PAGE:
The problem is that most organizations still use desktop productivity tools like spreadsheets to do these tasks. They are not up to the task of planning a complex, modern selling system. Spreadsheet based planning becomes overwhelmed with the volume of variables. Nor can the adapt to customer, competitive and product portfolio changes fast enough to ensure your teams are focused on the right actions and opportunities.
Advanced analytic algorithms, models and simulators can help assess different scenarios and inform better optimization and resource allocation decisions.
For example, using simulation tools – like SABRE (The Strategic Allocation of Business Resources – provides your growth leadership and revenue teams a faster and more collaborative approach to generating territory, product launch, account-based marketing and business unit growth plans. This unique simulation-based approach has six benefits compared to top-down strategy development:
- It compresses time to test go-to-market strategies and scenarios seven years out into the future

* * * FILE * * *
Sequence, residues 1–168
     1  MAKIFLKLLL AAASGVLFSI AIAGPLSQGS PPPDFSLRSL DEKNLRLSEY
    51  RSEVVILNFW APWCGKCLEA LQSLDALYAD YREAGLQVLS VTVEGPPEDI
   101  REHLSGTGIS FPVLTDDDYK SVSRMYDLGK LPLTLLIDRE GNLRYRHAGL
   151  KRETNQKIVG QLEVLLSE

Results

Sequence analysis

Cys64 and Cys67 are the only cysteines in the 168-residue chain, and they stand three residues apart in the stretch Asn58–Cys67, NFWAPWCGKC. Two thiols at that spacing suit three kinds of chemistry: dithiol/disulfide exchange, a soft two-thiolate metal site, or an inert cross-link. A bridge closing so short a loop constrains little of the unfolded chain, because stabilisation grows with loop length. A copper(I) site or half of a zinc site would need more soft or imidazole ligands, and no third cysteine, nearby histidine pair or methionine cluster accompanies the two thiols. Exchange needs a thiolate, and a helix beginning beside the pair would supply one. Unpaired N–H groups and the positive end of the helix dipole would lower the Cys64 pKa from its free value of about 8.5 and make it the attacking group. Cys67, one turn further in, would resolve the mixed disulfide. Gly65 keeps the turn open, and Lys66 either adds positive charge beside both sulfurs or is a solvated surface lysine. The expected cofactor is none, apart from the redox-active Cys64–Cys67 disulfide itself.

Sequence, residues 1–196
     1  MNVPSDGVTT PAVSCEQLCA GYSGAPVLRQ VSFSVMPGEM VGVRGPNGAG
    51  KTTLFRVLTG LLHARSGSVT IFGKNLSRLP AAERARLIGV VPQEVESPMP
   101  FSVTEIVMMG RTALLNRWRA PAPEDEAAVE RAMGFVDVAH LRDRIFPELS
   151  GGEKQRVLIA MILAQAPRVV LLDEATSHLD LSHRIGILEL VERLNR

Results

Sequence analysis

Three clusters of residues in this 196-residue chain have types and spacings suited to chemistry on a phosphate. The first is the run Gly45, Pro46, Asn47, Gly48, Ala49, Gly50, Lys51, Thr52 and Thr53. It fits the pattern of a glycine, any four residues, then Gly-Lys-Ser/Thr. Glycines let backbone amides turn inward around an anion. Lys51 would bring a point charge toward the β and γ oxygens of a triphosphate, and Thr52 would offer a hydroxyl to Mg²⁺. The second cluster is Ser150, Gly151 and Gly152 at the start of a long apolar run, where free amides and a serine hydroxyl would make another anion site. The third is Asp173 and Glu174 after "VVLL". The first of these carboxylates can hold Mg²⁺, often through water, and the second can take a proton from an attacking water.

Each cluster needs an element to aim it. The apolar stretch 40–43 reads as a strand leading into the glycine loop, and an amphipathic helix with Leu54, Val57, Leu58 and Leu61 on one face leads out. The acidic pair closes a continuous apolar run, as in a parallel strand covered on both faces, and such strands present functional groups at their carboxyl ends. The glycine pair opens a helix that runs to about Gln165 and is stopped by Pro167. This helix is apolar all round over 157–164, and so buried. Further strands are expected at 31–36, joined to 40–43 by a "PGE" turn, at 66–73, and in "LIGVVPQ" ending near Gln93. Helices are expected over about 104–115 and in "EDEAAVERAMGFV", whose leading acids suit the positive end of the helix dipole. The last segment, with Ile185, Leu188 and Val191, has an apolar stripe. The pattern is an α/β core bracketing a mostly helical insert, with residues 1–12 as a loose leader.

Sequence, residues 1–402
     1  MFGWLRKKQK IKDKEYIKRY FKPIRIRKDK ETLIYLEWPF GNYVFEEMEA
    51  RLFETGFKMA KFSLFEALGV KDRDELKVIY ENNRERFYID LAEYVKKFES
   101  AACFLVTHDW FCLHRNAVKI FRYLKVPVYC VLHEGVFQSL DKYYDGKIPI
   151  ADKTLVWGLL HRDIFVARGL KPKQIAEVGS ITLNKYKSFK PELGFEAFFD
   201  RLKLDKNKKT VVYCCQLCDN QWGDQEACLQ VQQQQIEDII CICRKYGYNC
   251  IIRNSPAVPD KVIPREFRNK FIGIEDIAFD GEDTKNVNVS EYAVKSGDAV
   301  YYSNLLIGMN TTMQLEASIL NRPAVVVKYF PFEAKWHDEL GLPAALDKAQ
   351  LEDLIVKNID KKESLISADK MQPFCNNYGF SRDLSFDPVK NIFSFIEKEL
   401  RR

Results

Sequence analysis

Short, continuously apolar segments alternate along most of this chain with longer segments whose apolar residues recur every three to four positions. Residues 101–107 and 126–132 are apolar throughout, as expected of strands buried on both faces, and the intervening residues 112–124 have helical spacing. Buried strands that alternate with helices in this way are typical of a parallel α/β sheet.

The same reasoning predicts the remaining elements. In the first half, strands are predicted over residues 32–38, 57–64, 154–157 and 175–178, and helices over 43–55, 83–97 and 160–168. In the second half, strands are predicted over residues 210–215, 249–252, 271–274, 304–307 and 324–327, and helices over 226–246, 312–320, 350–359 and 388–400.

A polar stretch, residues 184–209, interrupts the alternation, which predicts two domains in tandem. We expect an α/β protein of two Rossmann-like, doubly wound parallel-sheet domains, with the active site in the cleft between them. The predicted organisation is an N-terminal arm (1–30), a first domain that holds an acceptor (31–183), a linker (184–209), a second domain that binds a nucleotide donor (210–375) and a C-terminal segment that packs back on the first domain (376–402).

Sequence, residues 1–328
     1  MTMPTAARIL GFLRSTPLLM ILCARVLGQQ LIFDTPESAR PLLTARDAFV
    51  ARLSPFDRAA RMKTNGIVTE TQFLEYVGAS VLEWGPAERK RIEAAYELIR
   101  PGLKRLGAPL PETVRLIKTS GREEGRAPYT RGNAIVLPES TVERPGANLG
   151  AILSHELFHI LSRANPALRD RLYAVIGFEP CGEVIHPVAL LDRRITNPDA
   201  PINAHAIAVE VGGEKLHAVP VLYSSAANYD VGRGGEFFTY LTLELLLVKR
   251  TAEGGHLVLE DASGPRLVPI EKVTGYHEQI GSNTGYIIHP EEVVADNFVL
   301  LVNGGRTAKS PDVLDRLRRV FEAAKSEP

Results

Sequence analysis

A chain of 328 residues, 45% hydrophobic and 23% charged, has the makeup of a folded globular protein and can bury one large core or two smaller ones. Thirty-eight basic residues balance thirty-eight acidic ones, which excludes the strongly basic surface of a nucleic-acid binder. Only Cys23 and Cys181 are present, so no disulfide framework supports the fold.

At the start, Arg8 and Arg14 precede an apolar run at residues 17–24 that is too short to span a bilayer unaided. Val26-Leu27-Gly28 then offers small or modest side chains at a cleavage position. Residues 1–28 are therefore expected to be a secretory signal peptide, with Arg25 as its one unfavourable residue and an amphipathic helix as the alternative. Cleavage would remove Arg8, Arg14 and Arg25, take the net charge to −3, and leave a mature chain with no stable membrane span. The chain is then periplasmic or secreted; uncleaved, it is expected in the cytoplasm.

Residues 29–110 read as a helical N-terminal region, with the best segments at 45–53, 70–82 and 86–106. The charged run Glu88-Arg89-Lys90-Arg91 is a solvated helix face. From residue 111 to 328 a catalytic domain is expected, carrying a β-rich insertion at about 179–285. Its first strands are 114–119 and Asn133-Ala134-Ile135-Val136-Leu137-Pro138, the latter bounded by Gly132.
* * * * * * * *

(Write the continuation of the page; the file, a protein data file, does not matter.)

- It can manage millions of scenarios and possible resource allocations to find the best combination to maximize growth
- Balance sales force emphasis, calling priorities, customer targets and treatment types to generate the greatest profit and growth contribution and ROI, and quota attainability
- Combine bottom-up local market knowledge and performance insights with top-down focus on realizing the greatest profit, revenue and opportunity share
- Pressure test and adapt plans to deal with rapidly changing and different competitive, customer and market scenarios
- Accelerate the time between strategy development, tactical planning, buy-in, communication and implementation by revenue teams
CAM TIPPING AND PROFESSOR DAVID REIBSTEIN OF WHARTON DISCUSS HOW MANAGEMENT TEAMS ARE USING SABRE BUSINESS SIMULATION TOOLS TO COLLABORATIVELY AND OPTIMALLY ALLOCATE STRATEGIC GROWTH ASSETS AND RESOURCES TO MAXIMIZE PROFITABLE GROWTH
Analytics offer more potential to get your growth strategy and allocation decisions right. There are several specific areas where advanced analytics, models and algorithms can accelerate your ability to evaluate different market scenarios and resource allocations. They will help you evaluate many different scenarios faster, as well as allow you to manage many more variables in reconfiguring selling architecture. They can also support you in optimally matching selling resources with specific market opportunities. Models can speed up the development and evaluation of a wide variety of trade-off decisions throughout the planning and optimization process, including but not limited to: